Anxiety of Ideology: Resistance to Allegory in the Literary Narration of History

Cooper, Thomas (2006) Anxiety of Ideology: Resistance to Allegory in the Literary Narration of History. Hungarian Studies, 20 (1). pp. 83-91. ISSN 0236-6568

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The efforts of the communist regime, following the Revolution of 1956, to channel discussion of the events of the Revolution into a simplistic ideological opposition exerted (and arguably continue to exert) a powerful influence on political discourse in Hungary, in spite of numerous challenges issued against the validity of this opposition by historians and political scientists. It is possible that literature may offer new perspectives from which the terms that have exercised such a constrictive influence on this discourse can be reevaluated. This discussion of works of poetry by French, German, and American poets on the events of 1956 in Hungary examines the ways in which not only these events, but also the terms in which they were cast were perceived and thrown into question by writers living outside Hungary, several of whom also wrote influential essays on politics. Moreover, it considers how literary theory, specifically because it makes language and the creation of meaning the object of its inquiry, provides critical strategies through which the terms of this discourse can be deconstructed and deflated, creating opportunities for new (re)constructions of our understanding of these events.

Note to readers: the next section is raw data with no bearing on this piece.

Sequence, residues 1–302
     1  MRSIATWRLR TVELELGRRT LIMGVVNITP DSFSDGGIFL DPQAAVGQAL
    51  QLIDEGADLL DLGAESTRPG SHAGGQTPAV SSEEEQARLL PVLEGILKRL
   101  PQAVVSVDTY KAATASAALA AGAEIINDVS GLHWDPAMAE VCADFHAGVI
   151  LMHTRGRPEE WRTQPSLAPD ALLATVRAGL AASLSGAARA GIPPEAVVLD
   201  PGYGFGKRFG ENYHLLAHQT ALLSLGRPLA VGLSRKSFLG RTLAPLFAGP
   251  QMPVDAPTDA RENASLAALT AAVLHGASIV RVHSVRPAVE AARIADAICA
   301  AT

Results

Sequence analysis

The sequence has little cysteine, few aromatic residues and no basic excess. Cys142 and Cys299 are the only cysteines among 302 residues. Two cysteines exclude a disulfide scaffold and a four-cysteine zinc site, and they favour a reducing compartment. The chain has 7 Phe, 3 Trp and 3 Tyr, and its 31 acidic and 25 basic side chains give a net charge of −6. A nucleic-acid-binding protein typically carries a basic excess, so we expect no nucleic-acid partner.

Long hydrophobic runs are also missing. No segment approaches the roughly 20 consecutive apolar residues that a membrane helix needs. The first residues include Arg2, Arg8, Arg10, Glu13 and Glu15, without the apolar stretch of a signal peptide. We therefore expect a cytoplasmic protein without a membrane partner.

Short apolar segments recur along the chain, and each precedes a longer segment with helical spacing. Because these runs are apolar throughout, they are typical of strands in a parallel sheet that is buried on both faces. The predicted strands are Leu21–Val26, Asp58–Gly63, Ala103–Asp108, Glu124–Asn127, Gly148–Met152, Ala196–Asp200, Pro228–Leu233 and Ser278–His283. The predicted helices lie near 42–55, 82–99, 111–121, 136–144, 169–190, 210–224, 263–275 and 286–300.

Item Type: Article
Subjects: H Social Sciences / társadalomtudományok > H Social Sciences (General) / társadalomtudomány általában
Depositing User: xFruzsina xPataki
Date Deposited: 24 Jul 2017 06:29
Last Modified: 24 Jul 2017 06:29

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